Does Your Writing Suffer from the ‘Wandering Body Part’ Problem?

“Your eyes touch me physically.”

—“The Warrior,” performed by Scandal, written by Holly Knight and Nick Gilder

Oh, the amazing wandering body parts. The absolute horror inflicted upon readers as eyes fly, hands inch around, and hearts roam the world. The term “wandering body parts” refers to the sentences in which body parts seem to act on their own accord, as if separate from the person to whom they belong.

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Unless you’re writing a horror story, you want those body parts to stay put. Yet writing wandering body parts, also known as floating or autonomous body parts, is such an easy thing to do. It’s hard to find a book that doesn’t have a body part behaving badly. “When I first started writing, body parts flew all over the place,” says author and editor Leila Kirkconnell. “But ever since I learned about them, I end up seeing them everywhere, not only in editing first drafts, but in my daily reading of published books.”

In Scandal’s 1984 song “The Warrior,” the line “Your eyes touch me physically” gives a perfect example of this. It’s impossible for eyes to touch someone. Can you imagine how gross that would be if someone’s eyeballs popped out of their head and flew over to touch you? But body parts fly all over the place in writing—most commonly, the eyes.

  • His eyes flew to hers. (How far was that flight for his eyes and her eyes to meet up?)
  • Her eyes bounced around the room. (Her eyes popped out of her head and bounced around the room, and no one noticed?)
  • His eyes followed the car down the street. (What a sight that must be!)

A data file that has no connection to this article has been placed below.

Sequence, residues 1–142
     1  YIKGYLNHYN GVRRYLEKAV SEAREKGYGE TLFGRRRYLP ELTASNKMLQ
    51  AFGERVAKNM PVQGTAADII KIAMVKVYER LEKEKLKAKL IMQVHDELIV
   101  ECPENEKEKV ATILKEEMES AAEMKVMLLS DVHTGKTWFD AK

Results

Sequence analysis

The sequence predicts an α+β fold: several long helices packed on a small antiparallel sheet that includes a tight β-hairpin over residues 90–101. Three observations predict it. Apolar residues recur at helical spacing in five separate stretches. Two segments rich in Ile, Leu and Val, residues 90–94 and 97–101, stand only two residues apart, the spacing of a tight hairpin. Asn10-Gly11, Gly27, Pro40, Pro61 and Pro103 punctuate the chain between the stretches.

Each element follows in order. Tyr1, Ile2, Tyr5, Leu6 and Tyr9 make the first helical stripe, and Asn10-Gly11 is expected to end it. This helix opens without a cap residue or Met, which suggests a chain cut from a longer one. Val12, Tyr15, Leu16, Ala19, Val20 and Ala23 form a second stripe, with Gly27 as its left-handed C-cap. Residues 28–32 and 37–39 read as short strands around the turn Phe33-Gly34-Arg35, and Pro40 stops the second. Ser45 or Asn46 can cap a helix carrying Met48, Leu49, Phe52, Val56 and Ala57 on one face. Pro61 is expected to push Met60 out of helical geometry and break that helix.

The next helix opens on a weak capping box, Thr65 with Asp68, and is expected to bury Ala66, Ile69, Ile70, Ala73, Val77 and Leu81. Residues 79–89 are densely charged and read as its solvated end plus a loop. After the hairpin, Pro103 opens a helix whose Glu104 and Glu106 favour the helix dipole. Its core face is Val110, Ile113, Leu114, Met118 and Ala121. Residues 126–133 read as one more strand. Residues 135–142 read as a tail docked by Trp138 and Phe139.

• Her eyes became angry. (Did they have a fight with someone else’s eyes?)

Eyes tend to crawl, roam, trail, bounce, and have emotions. The most common way to fix this is to use the word “gaze” in place of “eyes.” Rewording your sentence or rethinking it entirely can also be very beneficial. For example, instead of “Her eyes became angry,” try “She narrowed her eyes.” It expresses the same idea, but the person is the one performing the action instead of the wandering body part.

Unfortunately, any body part can float.

  • His hand inched toward hers.
  • Her jaw dropped to the floor.
  • She gave him her hand.
  • His face fell.
  • Her head twisted.

Hands doing things on their own is reminiscent of The Thing from The Addams Family while twisting heads is straight out of The Exorcist. Each of these sentences can be quickly restructured so that faces aren’t falling off characters and people don’t give away body parts, like their hearts—commonly found in romance novels. By imagining the visual of these sentences, you can easily catch your wandering body parts and put them back on the path to being attached to your character.

But are there any exceptions to the rule?

Yes, there are, just like with about any writing rule. The exception for wandering body parts is going to be your comfort level with writing them and whether your editor demands you reattach them. For instance, people roll their eyes. That’s a common phrase in our everyday language. Readers won’t hunt you down with pitchforks if a character rolls their eyes. Finding another way to express that character’s displeasure, though, may just make you a better writer in the end.

If you enjoy comedy with your wandering body parts, there is no greater tale than the 1953 short story “The Eyes Have It” by Philip K. Dick. This masterpiece discusses body parts as if they are an alien life force. One especially amusing sentence is “Poor Bibney has lost his head again.” Thankfully, this short story has been preserved in the public domain via Project Gutenberg (https://gutenberg.org/files/31516/31516-h/31516-h.htm).

Don’t let wandering body parts frighten you or your readers. Carefully read the sentence with the body part and see if you can imagine the body part doing something on its own. If not, reword it. And remember, eyes cannot touch anyone physically.

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